Investments in Downtown could be key to South Bend's future

South Bend, Ind. Incremental investments in downtown South Bend are the key to the city's economic future, according to engineer and city planner Charles Marohn who presented a "Curbside Chat" on the realities facing American towns Friday morning.

The presentation was hosted by the City of South Bend Department of Community Investment and the Greater South Bend-Mishawaka Area Association of Realtors.

Marohn said spending on infrastructure without the promise of efficiently recouping the costs is a dangerous strategy.

"The problem is it's like throwing gasoline on the fire," Marohn said, in reference to funding city projects on debt. "The problem is the fire goes out really quickly because there's nothing sustaining it. Investments that you do from debt have to be the result of other investments; they can't be used to induce new growth."

The way to generate growth, he said, is to invest in the most valuable real estate in town - the city's downtown.

"You have investments that were made over 100 years ago that are still some of your most productive investments," Marohn said.

The President of the Greater South Bend Mishawaka Association of Realtors, Quinn Thurin, agreed.

"The idea of incremental investments is a great idea," he said, "taking existing opportunities out there and improving upon them. That's a lot of what we have in greater downtown area, as opposed to carving out new space out in vacant land, let's take what we have and see what we can do to improvement."

Marohn suggested building shops around parking lots and fixing up sidewalks and run-down buildings as a way to improve the value of downtown real estate, which is already much more valuable that land on the outskirts of the community.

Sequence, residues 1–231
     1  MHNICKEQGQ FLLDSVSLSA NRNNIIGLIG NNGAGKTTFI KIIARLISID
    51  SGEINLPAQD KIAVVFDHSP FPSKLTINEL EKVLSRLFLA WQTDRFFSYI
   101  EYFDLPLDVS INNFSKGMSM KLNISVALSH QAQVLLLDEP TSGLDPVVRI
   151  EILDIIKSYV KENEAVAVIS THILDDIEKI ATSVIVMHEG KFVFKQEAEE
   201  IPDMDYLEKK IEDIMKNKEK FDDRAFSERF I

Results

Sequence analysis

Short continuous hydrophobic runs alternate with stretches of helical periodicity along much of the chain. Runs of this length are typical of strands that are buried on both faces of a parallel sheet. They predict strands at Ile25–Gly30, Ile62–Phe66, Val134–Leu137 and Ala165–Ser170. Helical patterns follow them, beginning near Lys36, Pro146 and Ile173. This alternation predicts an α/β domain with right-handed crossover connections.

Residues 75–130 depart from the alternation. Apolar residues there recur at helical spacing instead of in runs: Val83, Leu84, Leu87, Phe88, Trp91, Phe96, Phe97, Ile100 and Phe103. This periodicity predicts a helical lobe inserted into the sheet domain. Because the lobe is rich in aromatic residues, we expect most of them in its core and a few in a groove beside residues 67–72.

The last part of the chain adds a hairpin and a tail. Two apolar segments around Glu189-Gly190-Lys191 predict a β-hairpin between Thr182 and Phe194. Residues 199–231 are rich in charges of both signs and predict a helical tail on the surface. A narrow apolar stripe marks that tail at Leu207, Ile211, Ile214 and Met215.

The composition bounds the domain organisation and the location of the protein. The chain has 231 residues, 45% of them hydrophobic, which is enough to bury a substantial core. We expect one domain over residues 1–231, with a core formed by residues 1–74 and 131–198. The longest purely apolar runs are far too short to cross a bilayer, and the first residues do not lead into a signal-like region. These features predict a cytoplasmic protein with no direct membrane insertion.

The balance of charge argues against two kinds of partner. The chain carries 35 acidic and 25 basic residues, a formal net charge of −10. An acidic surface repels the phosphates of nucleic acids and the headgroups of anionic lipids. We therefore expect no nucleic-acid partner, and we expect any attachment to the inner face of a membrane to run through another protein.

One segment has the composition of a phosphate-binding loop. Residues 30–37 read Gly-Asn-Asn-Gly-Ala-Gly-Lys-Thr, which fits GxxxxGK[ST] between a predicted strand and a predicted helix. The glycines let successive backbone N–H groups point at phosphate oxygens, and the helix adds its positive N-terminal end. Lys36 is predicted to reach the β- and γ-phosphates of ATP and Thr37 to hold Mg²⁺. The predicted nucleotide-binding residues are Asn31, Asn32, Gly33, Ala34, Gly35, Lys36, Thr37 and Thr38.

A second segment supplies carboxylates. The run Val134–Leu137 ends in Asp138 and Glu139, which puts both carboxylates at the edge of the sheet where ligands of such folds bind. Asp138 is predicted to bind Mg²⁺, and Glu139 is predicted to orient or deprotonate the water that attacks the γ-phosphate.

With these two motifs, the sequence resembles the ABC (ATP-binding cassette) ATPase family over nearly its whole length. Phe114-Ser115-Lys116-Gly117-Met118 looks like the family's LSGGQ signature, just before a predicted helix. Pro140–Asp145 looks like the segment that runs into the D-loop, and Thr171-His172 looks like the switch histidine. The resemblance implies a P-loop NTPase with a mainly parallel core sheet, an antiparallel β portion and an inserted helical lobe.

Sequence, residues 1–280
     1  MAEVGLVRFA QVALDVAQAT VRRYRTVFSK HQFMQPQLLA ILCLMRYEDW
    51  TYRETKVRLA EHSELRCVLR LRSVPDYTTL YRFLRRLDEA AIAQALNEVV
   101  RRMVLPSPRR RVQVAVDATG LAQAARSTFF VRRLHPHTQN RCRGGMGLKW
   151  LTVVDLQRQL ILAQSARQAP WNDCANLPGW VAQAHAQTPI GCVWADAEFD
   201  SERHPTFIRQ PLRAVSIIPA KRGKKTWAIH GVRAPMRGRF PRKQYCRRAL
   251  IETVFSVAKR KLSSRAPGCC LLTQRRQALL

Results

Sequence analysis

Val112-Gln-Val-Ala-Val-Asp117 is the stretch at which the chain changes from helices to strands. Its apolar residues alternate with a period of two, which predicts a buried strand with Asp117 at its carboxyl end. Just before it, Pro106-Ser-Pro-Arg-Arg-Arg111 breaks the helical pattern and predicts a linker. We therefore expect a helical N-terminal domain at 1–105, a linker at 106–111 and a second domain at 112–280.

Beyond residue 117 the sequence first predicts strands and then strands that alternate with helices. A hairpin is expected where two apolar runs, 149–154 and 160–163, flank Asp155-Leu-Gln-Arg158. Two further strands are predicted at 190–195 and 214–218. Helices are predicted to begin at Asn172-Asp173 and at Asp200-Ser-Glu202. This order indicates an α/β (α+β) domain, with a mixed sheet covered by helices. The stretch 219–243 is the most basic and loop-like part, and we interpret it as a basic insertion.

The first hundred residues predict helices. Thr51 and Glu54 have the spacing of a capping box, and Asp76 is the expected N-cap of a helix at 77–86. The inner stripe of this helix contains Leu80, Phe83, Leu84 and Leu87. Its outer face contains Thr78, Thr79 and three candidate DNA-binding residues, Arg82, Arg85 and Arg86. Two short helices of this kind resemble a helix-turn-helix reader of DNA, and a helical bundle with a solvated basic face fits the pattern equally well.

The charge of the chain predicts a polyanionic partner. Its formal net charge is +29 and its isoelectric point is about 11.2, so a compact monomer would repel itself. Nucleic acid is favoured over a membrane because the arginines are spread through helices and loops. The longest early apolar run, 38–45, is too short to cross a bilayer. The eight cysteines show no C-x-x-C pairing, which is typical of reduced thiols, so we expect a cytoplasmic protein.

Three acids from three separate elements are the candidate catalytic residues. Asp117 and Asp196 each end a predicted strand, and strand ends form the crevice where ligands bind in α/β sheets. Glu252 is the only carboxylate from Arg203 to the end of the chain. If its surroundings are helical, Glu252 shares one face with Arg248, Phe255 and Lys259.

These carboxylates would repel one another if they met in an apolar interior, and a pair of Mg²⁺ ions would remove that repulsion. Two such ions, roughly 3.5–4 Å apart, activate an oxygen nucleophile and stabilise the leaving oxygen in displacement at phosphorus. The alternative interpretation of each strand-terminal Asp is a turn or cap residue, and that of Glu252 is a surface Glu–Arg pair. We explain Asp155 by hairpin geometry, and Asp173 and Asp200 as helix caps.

Willow Wetherall is an organizer for the group Ignite Michiana, a community action group focused on celebrating and revitalizing the area. She thinks the push towards downtown is the right direction.

"We are definitely seeing the trend of people wanting to move back to walkable neighborhoods and walkable cities," Wetherall said. "We're seeing that in South Bend. Millennials are definitely looking to be located in a place where they can live and shop and eat, experience arts and culture -- all within walking distance of where they are."

Wetherall appreciated having an outsider's perspective on local issues.

"The presenter was able to say things that our political officials can't always say," she said. "It was good to have a neutral outsider come in and give us a reality check that the way we're doing things is making us go broke and we need to do it differently in the future."

Marohn tours the country giving presentations on the economic strategies available to America's towns. He is the author of Thoughts on Building Strong Towns and the primary writer of the Strong Towns Blog.

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